In this posting I will explore how my framework of the ‘political marketplace’ differs from the Sentry’s ‘violent kleptocracies’ and why, in my view, the Sentry’s approach is deficient.

The Enough Project recently started a new initiative, based on the observation that its countries of focus are all marked by a systemic combination of violence and kleptocracy. In other words, Enough argues that not only are these countries run by war criminals, but by regular criminals too—thieves. With the recent growing interest in corruption and illicit financial flows, the U.S. government is sharpening its tools for pursuing these criminals and their ill-gotten gains. Enter the Sentry, described as an effort to “dismantle the financing of Africa’s deadliest conflicts.”

This had the hallmarks of Enough’s favored approach: find an instrument of U.S. power, which the administration is keen to use, identify how it can be utilized more coercively and intrusively in the countries of concern to Enough, and then define those countries’ problems around this tool.

It is also underpinned by another time-honored moralistic script: bad things happen because bad men are in power, so let’s get rid of the bad men. Enough’s old version was that Sudan’s leaders were war criminals because they were evil. Now it’s (also) because they are greedy.

The Sentry’s toolkit is useful for identifying kleptocrats and how and where they have hidden their funds. It is obviously therefore relevant to the political marketplace, insofar as one element of political funding can be criminal circuits, some of the tools used by political business managers include round-tripping money through secrecy jurisdictions (tax havens), and many politicians also illicitly build up personal fortunes. But the similarities with a political market analysis are superficial.

On January 28 I launched my book, The Real Politics of the Horn of Africa, at the U.S. Institute of Peace in Washington DC. We had a full house and an excellent debate.

One of my discussants was Brad Brooks-Rubin from the Sentry. His commentary used the vocabulary of the political marketplace, but in a way that reflected the Sentry’s different analytical framework, of “hijacked states.” To quote the Sentry’s mission statement:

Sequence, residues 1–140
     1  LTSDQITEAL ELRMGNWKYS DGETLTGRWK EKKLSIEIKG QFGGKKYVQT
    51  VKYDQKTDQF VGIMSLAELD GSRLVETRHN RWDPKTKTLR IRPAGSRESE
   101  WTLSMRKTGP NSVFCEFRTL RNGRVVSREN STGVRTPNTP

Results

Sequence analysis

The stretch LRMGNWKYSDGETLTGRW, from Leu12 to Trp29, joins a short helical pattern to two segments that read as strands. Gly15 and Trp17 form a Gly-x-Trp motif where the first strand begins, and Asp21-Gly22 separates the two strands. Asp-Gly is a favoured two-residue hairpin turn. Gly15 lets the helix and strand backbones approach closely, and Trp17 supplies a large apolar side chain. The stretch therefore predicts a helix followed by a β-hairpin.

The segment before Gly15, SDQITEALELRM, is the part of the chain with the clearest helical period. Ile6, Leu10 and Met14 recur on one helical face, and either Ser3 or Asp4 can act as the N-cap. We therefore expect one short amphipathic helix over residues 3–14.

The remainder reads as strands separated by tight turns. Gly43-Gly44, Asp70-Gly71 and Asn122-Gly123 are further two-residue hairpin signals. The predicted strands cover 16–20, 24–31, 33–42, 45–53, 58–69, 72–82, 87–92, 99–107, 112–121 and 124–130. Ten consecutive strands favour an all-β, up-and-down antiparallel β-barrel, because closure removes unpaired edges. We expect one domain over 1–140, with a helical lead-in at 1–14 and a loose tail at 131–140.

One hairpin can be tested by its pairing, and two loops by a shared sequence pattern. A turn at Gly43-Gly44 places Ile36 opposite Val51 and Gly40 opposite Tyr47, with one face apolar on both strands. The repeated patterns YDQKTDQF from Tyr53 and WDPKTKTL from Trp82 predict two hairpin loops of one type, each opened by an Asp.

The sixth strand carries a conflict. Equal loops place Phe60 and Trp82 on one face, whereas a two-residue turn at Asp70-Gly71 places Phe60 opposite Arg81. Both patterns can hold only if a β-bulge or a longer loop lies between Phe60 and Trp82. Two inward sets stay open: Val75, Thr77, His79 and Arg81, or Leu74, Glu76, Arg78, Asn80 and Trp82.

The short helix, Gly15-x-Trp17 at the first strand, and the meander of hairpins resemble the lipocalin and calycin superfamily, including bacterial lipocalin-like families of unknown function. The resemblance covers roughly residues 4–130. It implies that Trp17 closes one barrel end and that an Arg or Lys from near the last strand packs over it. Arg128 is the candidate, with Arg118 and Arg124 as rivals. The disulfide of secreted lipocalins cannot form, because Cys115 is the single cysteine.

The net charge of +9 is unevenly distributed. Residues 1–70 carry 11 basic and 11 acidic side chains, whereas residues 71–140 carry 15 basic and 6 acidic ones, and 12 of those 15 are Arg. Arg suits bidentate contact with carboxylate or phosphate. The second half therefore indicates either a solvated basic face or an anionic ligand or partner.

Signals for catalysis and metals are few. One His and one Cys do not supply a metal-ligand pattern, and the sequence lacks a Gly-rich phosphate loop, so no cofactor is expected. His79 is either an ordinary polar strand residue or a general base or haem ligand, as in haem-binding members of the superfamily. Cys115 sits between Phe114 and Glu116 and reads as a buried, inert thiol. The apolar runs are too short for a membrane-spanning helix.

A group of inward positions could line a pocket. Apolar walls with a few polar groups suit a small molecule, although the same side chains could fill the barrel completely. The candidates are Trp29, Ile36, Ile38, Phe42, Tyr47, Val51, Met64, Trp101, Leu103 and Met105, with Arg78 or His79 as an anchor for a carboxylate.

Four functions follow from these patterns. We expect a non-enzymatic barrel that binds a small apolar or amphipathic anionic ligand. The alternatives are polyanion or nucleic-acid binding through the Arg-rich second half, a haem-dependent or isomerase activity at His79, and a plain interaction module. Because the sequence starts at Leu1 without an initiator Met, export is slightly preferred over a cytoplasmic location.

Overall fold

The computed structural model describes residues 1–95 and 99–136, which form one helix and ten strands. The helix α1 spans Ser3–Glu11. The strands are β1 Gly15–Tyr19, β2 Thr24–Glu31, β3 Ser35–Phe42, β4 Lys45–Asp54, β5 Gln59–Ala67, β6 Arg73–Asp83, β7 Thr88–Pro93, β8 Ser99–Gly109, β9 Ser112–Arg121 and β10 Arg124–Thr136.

Countries such as Sudan, South Sudan, Somalia, the Central African Republic, and the Democratic Republic of Congo are often referred to as failed states, but in reality, they should be considered hijacked states. Political, military, and commercial elites in these countries – often collaborating with neighbors – control and run the state and its institutions, use their power to transfer a large fraction of society’s resources to enrich themselves, and use brute force to remain in power. In these states, high-level corruption linked to violence is not anomalous; it constitutes the actual system of governance.

My analysis is different: systemic corruption and violence are both products of a poorly-regulated rentier political market.

Brad’s commentary, and reading the Sentry’s problem statement, sharpened my own thinking about the differences between our analyses, and also how the Sentry project could in fact be useful—provided it is placed in an analysis of the larger context: systemic corruption and violence are both products of a poorly-regulated rentier political market.

First of all, the Sentry is dealing only with the criminal element of political business: not political markets as such, which are a much bigger and more structural phenomenon. Most political financing is lawful: it is from oil rents, security cooperation, political gifts, and commercial enterprises run by political or security organizations. The criminal element is just a subset.

Economic criminals are driven by greed alone, and use political office solely for self-enrichment. Political entrepreneurs pursue political aims, within a system that forces them to compete in a political market, or fail. Their ‘profit’ is their political budget, which is (mostly) reinvested in their political project, mostly patronage payoffs.